Webster

The Constitution was made to guard the people against the dangers of good intentions." --American Statesman Daniel Webster (1782-1852)


Saturday, May 25, 2019

Helmet Art from Vietnam

I have blogged before about Helmets and "Lucky Talismans" and helmets in general.  I remembered when I first got my helmet at my first dury station in Germany I immediately stuck my "LPS" bottle in the band around the helmet like I remembered seeing all the GI's doing during Vietnam.


 My squad leader told me "You can't do that crap any more".  So I had to take it out.  Oh well...



The Vietnam War tested the United States in new and horrid ways. Unprepared for guerilla tactics, dense jungles, and unwilling to interpret their foes’ actions as anything other than the working of Moscow’s efforts to expand Communism, the nation spent years in a conflict with no seeming end in sight.


1st Lieutenant Thomas K. Holland, Troop D, 1st Squadron, 9th Cavalry, Vietnam.Date between 1966 and 1971
1st Lieutenant Thomas K. Holland, Troop D, 1st Squadron, 9th Cavalry, Vietnam.
Date between 1966 and 1971
Conscripted troops were constantly cycled through the war to prepare a generation for World War III, while politicians and commanders continually failed to understand the lessons learned in America’s previous guerilla campaigns.


For the troops on the ground, Vietnam was a humid hell filled with enemies and a people barely considered human. Part of any soldier’s equipment at the time included a helmet, called a steel pot by the troops and officially known as the M-1 helmet.


U.S. soldiers in 1972 wearing M1 helmets
U.S. soldiers in 1972 wearing M1 helmets
The soldiers of Vietnam, being products of a time when the nation’s youth struggled to assert their individuality, started doodling on their helmets to express themselves.


Such antics were not new, as handfuls of soldiers did something similar during World War II. During Vietnam their work grew more prominent and noticeable. It also garnered more attention as outrage against the conflict, both among the troops and at home, increased.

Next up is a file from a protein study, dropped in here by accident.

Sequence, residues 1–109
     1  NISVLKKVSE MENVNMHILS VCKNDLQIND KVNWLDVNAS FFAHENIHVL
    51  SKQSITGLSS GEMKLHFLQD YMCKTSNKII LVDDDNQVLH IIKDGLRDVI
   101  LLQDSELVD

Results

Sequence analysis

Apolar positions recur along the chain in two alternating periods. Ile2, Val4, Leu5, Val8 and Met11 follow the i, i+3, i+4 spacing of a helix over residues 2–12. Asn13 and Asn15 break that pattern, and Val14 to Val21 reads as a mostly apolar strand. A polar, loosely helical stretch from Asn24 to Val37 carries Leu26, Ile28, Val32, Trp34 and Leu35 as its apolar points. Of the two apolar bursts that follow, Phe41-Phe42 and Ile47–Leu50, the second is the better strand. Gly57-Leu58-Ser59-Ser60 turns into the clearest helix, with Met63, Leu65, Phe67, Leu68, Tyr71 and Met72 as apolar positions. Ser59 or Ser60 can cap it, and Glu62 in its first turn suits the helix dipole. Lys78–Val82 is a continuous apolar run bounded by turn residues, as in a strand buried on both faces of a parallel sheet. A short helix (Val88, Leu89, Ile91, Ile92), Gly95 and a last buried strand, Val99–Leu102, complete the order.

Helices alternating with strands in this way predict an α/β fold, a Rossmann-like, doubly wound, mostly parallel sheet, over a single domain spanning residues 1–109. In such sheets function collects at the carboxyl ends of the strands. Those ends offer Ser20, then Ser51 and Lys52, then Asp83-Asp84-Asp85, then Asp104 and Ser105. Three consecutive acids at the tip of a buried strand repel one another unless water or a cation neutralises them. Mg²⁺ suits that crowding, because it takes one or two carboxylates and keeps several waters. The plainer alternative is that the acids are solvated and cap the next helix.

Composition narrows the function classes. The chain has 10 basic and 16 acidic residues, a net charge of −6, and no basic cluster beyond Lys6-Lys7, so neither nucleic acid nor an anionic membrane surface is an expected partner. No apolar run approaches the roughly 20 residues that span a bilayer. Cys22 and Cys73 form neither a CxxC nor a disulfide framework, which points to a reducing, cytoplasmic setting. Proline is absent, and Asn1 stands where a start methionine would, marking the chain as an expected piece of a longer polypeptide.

LT James F. Gregory, Platoon leader takes his men into a northern village, Company B, 1st Battalion (Airborne), 501st Inf., 101st Airborne. Division, Vietnam.
LT James F. Gregory, Platoon leader takes his men into a northern village, Company B, 1st Battalion (Airborne), 501st Inf., 101st Airborne. Division, Vietnam.
Such artwork drew media attention as early as June 18, 1965. Appearing in an Associated Press article by Pulitzer Prize-winning photographer Horst Faas, the photo caption noted Larry Wayne Chaffin of the 173rd Airborne Brigade, sporting a simple line across the bridge of his helmet: “WAR IS HELL.”


Vietnam Helmet “Born to Breed”. Photo: Lemsipmatt CC BY 2.0
Vietnam Helmet “Born to Breed”.
 
Simple calendars were a popular doodle, with soldiers jotting down the months of their tour and then crossing them off as time passed and they managed to live another thirty days. Such “short-timer” calendars were common among conscripts as they waited out their tours of duty.
Sergeant Gerald Laird firing a machine gun, Company A, 1st Battalion, 502nd Infantry, 101st Airborne Division, Vietnam.
Sergeant Gerald Laird firing a machine gun, Company A, 1st Battalion, 502nd Infantry, 101st Airborne Division, Vietnam.
The media, latching on to the potential anti-war messages of such art, made sure to showcase it as the conflict continued.